On October 26, 2017, President Donald Trump declared the opioid epidemic "a national public health emergency" under federal law. As a result, agencies had a 90-day window—which has been extended another 90 days—to shift their existing budgets to address the crisis. The declaration means finding the resources and money to hire staff to conduct research or the counselors to provide care to people battling opioid addiction.
But that’s just one aspect of turning the tide on the epidemic. Without any new federal funding to help slow the crisis, the President’s declaration in the eyes of many is just talk. But what should be done in order to make the declaration meaningful?
Finding Help Versus Heroin
Dr. Sarah Wakeman, medical director of the Substance Use Disorders Initiative at Massachusetts General Hospital, told Alice Park of TIME magazine, “What we need is something like the Ryan White Care Act,” in which Congress created a fund for HIV patients who could not afford the care and drugs to fight the virus. This type of federal funding is a start to seriously fighting the battle.
But even if a patient has access to care, are counselors adequately trained to handle this opioid epidemic? Addiction counselors in many cases are the last thread of hope. News stories of how people become addicted and then continue to fuel their addiction are becoming more and more common. Take Ron Hiers, who told TIME that he originally had been prescribed opioids for pain from a broken heel. But when Hiers couldn’t acquire more prescribed painkillers after visits to various doctors for lingering “pain,” he turned to heroin, which was easier to find.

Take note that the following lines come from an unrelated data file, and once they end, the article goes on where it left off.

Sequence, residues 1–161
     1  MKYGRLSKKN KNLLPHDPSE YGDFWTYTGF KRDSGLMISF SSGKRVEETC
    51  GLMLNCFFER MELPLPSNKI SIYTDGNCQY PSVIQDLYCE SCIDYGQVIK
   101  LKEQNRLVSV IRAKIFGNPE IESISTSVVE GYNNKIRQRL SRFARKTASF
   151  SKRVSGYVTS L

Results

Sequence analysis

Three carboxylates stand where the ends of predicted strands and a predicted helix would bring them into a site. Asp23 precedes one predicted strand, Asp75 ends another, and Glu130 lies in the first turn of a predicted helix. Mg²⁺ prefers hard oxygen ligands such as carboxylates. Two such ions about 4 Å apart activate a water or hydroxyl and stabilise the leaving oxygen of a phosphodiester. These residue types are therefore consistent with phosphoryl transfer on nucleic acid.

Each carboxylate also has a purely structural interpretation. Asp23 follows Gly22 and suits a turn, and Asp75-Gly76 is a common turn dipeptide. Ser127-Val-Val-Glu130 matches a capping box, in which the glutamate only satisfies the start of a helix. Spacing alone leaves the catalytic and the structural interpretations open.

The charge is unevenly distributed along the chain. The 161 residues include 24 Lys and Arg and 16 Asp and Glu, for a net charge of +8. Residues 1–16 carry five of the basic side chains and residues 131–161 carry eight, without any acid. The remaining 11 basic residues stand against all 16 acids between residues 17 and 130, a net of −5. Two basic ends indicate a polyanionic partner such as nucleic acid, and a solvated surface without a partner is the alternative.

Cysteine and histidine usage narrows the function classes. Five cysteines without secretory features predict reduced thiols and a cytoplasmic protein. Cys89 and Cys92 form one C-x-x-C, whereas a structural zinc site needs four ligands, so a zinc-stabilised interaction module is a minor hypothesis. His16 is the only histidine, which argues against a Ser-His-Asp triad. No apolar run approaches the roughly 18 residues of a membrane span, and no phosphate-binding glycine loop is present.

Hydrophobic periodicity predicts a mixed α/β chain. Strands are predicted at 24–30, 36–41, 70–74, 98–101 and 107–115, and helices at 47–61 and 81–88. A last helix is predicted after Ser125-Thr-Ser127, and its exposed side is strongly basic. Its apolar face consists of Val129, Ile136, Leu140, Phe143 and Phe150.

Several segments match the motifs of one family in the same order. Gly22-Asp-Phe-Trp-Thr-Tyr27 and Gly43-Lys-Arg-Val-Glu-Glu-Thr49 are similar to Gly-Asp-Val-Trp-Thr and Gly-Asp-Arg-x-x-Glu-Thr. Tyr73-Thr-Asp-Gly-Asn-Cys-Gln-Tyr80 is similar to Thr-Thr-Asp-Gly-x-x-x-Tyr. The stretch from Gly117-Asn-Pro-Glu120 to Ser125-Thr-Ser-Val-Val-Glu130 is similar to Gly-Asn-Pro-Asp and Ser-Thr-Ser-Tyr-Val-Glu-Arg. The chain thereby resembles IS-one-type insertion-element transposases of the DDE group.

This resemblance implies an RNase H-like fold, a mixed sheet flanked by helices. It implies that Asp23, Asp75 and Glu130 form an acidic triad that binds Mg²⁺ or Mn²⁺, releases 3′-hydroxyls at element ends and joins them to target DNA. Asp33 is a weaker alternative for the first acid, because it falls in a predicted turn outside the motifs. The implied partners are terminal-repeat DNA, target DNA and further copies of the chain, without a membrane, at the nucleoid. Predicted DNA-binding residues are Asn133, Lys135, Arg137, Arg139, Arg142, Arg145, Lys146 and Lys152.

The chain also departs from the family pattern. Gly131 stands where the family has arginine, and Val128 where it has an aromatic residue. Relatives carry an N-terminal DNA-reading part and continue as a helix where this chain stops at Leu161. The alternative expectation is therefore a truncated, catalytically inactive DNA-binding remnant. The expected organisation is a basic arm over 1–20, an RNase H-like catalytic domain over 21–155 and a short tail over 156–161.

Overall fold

How can heroin be easier to find than help? What if he had had affordable access to a counselor trained in helping people who may become addicted to prescription drugs before looking for deadly substitutes—like Fentanyl, kratom or heroin—on the streets?
“Treatment works for those who seek it and who have access to competent addiction professionals who can help them,” says our Behavioral Health Sciences director Stan Weisner. “The Certificate Program in Alcohol and Drug Abuse Studies offers the kind of quality training that is desperately needed in the field to expand the workforce.”
Specifically, the certificate elective Prescription Drug Abuse teaches counselors—both new to the field and practicing professionals—to examine the dangers associated with using commonly abused drugs and to review medical and psychological treatment options. With the number of drug overdose deaths continuing to rise, and exceeding 59,000 lives in 2016, understanding how to handle the crisis from a psychological standpoint is an urgent need.
In 2015, the amount of opioids prescribed would have medicated every American “around the clock for three weeks,” according to the CDC infographic on unsafe prescription practices. The infographic also states that “therapies that don’t involve opioids may work better and have fewer risks and side effects.” Instructor Susan Fitts, Psy.D., is all too familiar with these statistics. Currently, she is a clinical psychologist at Kaiser specializing in chronic pain, but previously worked as an intern in the Psychosocial Medicine Clinic at SF General and has taught behavioral medicine classes at the Wright Institute in Berkeley. Fitts sees the need to change the way we treat the underlying cause for prescribing certain drugs in the first place. That’s where counselors can begin to make the difference.